Recently, the Library of Virginia’s Local Records Services staff visited the Dinwiddie County Circuit Court Clerk’s office in preparation for the spring grants cycle of the Circuit Court Records Preservation (CCRP) program. While discussing the records available in the records room at the courthouse, Clerk of the Circuit Court Barrett Chappell, Jr., informed us that his office has provided free online access to some historical Dinwiddie County documents. These records include a surveyor’s plat book (1752-1865), Works Progress Administration historical inventory, Board of Supervisors books (1870-2004), book of fiduciaries (1871-1904), land tax records (1782-1875), and a compilation of land tax, grant, and patent records (1752-1820). In addition, Chappell will be adding additional records as they are preserved and digitized in the coming years with funding provided by Dinwiddie County. He foresees adding orders books that range in date from 1789 to 1900 and a marriage register dated 1867-1874 by June 2015.
In addition to the Dinwiddie County chancery causes digitized and made freely available online by the CCRP, these records may be of particular interest to those researching Dinwiddie County history or family connections. The records might also be useful to persons determining modern boundary lines or other property issues.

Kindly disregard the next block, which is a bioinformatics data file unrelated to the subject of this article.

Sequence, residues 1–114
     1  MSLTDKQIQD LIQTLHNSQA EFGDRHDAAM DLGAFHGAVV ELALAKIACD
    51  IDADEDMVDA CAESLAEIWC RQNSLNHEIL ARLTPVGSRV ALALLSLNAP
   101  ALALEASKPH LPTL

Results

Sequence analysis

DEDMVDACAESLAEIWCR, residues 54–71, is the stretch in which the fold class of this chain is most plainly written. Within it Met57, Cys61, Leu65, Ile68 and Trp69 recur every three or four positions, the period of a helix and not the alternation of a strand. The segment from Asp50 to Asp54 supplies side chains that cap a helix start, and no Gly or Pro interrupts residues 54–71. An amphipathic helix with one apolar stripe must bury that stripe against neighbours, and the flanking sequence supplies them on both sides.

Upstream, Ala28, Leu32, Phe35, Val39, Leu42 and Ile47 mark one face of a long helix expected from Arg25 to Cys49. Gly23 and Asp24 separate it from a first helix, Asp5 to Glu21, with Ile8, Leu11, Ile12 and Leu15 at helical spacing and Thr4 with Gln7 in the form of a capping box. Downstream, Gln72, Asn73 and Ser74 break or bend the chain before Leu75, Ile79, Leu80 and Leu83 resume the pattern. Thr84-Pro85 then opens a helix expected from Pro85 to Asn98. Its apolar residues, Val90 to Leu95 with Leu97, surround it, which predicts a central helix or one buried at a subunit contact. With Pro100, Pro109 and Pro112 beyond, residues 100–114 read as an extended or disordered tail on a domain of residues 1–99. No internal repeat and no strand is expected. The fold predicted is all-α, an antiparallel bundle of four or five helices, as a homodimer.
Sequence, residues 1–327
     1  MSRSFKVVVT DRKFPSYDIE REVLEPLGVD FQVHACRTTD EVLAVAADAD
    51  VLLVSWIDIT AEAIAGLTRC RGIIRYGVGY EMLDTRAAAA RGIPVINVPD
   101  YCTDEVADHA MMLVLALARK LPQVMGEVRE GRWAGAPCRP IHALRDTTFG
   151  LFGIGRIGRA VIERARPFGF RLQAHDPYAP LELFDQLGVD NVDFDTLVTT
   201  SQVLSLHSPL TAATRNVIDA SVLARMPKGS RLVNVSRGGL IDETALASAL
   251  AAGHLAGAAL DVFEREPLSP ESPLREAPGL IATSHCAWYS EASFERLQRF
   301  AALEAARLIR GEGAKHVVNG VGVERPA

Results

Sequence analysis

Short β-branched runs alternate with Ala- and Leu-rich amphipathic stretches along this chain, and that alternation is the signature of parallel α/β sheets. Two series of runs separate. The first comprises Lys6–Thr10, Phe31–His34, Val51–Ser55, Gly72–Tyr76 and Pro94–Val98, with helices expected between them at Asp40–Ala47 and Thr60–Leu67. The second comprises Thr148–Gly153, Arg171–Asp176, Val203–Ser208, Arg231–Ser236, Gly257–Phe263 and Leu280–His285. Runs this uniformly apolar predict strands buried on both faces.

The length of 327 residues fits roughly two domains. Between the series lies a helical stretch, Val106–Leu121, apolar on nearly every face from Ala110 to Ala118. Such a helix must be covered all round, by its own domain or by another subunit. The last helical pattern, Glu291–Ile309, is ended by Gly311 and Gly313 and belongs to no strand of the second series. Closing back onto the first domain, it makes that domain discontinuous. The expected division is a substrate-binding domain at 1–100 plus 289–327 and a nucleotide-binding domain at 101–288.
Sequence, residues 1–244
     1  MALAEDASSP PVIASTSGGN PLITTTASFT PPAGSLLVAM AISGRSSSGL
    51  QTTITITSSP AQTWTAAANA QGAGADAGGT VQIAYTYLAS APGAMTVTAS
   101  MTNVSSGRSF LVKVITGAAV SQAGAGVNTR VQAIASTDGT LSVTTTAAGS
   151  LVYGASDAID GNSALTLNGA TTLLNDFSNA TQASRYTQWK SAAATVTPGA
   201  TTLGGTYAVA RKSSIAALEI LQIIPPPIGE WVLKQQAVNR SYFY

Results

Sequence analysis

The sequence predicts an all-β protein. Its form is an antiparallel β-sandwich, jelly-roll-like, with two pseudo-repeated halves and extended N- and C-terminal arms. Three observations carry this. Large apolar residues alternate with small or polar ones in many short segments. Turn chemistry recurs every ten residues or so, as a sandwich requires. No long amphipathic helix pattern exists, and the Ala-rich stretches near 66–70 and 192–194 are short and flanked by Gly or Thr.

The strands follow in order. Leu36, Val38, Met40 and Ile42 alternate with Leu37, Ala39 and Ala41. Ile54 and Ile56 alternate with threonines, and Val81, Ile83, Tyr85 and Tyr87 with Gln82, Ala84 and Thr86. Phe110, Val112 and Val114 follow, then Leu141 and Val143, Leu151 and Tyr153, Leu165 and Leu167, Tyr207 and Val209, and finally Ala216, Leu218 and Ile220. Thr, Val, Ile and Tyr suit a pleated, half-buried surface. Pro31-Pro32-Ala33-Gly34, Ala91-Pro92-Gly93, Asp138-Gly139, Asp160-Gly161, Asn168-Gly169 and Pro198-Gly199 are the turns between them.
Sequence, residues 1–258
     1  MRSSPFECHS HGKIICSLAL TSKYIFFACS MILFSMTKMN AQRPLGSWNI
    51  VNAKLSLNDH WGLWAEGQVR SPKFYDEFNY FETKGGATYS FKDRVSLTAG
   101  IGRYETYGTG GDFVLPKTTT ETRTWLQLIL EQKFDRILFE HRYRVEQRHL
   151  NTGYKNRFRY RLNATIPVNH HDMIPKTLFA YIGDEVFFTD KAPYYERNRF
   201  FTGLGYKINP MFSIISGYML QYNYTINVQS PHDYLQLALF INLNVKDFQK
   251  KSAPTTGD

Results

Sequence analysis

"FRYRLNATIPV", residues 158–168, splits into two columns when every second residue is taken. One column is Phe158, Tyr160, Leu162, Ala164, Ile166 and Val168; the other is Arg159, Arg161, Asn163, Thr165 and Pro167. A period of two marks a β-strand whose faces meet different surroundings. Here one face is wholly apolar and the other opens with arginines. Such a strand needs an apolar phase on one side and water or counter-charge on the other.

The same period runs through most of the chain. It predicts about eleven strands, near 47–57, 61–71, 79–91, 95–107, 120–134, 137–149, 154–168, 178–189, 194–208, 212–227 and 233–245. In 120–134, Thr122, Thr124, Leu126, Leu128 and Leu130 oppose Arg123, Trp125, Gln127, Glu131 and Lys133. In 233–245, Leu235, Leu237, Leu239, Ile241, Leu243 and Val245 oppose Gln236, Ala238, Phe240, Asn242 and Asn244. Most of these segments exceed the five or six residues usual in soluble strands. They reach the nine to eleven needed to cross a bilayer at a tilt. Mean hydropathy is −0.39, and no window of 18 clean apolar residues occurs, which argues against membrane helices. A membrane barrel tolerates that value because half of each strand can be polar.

Not all records in the archives are on yellowed paper or centuries old.
Correspondence found in the Fairfax County Board of Supervisors Records gives unique insight into the recent history of Virginia’s most populous county, which now has one of the highest household median incomes in the country.
New York City native Audrey Moore came to Fairfax County in 1954 when the county still retained much of its original rural character. The young, apolitical wife and mother became concerned about what she saw as unchecked development in the county with little thought about future consequences for residents’ quality of life.
Moore decided to take on the county and spoke out on what were politically unpopular issues at the time. She ran for and won a seat on the board of supervisors in 1971. For many years Moore was an isolated and often ridiculed figure on the board, the lone voice opposing runaway growth, warning about future transportation nightmares, and advocating for more parks and open spaces. Her election in 1987 as chairperson of the Board of Supervisors marked the beginning of a remarkable planned-growth revolution in Fairfax County.
This enthusiastic letter to Moore by supporter and first-time campaign worker Anne Shotwell contains a poem and, charmingly, an origami crane. Both reside in the Fairfax County Board of Supervisors Records series, under subseries Correspondence–Audrey … read more »